in their short six-week lifetime. Every now and
then they have to buy a new queen $25-$30 but
generally the bees do their own thing without a lot
of maintenance. The couple estimates they spend,
all told, one day a month on the hive.
A MIGHTY PEST
The biggest headache for hive owners is the Varroa
hive mites. They penetrate the hive and spread
viruses among the bees, according to Ellis. They can
be controlled by traps in the hive or by an ingenious
method used by Sorensen — a Swiffer sheet inside
the hive. Mites get trapped in the sheet and die.
One of the local experts is Clifton Best of Cocoa.
He’s the leader of Brevard Backyard Beekeepers Inc.,
a nonprofit and one of the bee clubs in the county.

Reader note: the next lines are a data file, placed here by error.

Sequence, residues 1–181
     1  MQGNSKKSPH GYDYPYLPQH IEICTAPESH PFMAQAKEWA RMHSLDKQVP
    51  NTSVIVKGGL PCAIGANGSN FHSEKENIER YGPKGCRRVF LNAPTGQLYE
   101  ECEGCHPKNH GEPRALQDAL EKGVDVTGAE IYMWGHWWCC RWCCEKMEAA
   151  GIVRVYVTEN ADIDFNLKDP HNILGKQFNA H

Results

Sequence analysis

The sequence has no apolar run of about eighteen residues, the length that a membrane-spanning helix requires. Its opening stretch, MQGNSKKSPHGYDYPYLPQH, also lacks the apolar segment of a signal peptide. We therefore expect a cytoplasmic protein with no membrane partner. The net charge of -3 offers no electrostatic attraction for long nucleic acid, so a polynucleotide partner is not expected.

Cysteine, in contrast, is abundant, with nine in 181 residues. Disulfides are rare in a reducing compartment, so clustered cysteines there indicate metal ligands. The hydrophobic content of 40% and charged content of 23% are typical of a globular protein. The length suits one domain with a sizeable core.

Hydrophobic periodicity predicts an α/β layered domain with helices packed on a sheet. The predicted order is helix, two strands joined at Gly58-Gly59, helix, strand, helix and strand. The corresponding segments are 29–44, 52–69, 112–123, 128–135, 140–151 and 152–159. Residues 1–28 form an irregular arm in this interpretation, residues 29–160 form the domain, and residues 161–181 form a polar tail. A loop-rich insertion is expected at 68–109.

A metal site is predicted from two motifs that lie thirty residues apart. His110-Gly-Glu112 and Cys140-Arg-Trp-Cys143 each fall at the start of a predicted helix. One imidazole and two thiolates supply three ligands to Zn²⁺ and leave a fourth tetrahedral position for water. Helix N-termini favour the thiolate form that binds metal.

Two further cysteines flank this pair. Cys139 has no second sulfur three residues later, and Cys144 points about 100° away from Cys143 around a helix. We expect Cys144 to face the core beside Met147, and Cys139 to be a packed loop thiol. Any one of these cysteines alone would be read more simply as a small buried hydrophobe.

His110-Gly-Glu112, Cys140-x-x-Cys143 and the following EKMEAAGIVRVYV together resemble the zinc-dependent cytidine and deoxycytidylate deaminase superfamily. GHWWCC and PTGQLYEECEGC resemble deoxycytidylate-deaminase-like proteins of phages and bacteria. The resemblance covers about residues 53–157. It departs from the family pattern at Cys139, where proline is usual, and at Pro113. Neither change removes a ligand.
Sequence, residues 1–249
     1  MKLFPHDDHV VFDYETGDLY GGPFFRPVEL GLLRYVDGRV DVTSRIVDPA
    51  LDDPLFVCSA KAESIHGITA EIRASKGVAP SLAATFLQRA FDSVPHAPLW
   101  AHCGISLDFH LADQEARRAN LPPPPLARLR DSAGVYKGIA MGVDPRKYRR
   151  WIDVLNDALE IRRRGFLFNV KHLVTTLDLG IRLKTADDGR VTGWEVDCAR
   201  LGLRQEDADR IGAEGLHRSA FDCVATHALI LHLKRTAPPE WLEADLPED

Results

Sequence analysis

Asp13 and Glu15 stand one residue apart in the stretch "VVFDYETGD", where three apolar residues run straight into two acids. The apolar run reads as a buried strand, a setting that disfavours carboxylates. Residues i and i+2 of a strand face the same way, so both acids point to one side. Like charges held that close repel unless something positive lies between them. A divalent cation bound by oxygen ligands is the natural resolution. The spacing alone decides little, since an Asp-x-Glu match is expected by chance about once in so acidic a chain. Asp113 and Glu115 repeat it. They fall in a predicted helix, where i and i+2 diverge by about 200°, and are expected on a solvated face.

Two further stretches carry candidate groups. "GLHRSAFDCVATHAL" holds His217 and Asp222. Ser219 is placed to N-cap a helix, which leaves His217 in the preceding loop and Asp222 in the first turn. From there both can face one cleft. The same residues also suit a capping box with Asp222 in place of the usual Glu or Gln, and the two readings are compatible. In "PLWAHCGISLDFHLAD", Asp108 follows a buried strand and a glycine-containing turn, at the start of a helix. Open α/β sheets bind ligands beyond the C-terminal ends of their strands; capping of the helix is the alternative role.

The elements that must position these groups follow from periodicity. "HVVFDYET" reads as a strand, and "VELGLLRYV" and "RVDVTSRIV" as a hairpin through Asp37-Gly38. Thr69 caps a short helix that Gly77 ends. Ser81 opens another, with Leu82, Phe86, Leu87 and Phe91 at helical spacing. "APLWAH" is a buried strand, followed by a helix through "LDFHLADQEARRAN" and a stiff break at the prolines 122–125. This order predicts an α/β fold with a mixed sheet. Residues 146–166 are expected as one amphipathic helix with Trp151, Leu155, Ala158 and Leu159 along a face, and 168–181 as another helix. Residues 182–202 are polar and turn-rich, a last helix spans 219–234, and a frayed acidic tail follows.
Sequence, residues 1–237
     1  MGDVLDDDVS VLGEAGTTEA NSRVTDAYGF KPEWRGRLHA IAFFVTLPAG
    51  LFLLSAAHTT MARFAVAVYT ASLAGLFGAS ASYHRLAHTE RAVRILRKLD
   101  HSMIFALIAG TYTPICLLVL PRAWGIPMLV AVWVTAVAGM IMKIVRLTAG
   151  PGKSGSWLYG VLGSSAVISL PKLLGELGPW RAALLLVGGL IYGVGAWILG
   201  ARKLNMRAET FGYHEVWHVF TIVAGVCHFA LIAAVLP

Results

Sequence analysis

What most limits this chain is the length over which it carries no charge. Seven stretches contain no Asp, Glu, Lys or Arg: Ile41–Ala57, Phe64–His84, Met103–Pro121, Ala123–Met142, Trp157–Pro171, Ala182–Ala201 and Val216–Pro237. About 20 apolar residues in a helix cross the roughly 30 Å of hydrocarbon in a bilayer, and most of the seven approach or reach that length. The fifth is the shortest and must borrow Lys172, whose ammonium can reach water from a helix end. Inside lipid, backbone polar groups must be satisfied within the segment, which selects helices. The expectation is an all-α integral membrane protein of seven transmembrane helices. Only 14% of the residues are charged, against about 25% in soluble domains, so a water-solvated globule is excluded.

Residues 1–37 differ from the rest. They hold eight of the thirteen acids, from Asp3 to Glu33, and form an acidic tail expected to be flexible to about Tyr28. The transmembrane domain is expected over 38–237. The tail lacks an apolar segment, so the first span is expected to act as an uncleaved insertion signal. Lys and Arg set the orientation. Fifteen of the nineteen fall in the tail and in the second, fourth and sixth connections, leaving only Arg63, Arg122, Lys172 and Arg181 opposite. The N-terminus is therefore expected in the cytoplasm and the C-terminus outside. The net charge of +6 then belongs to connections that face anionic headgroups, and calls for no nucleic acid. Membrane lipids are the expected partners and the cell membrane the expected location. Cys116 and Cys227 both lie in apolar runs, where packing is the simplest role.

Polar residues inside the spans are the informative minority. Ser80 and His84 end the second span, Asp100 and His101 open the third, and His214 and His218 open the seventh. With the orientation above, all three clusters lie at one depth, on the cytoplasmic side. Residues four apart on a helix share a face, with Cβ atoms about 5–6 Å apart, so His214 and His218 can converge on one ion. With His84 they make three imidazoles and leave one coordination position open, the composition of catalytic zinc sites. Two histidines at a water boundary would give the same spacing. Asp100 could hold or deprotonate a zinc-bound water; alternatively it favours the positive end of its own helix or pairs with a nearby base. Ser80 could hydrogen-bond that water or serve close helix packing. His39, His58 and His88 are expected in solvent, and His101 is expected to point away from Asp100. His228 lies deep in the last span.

Best is a professional bee wrangler, the guy you call
when a swarm shows up on your property. He’s also
the official beekeeper for the Brevard Zoo and gives
lectures at the zoo from time to time.
The cost for removing a swarm of bees is $200-$400,
and Best gets to keep the bees, which are sold off to
start new colonies. He cautions against calling pest
control companies because they kill the bees.
62: SPACE COAST LIVING | SPACECOASTLIVING.COM
Clifton Best of Cocoa, leader of Brevard Backyard Beekeepers Inc., points to a queen bee,
the most important bee in a hive, who can lay up to a million eggs in its lifetime.
Best, a professional bee wrangler as well as a beekeeper, usually forgoes the use of protective
clothing while tending to his hives.
“The important thing is to have a healthy queen,”
Best says. He says queens can live two to five years
“and lay 500,000 to a million eggs in their lifetime.”
Best, who knows his way around a hive, usually
works without a bee suit.
“They aren’t normally aggressive,” he says. To prove
his point, he sticks his bare finger in a hive to point
out the queen.
A fellow beekeeper, Ed Brittain of Cocoa, is more
cautious. He suits up when working his hives and >>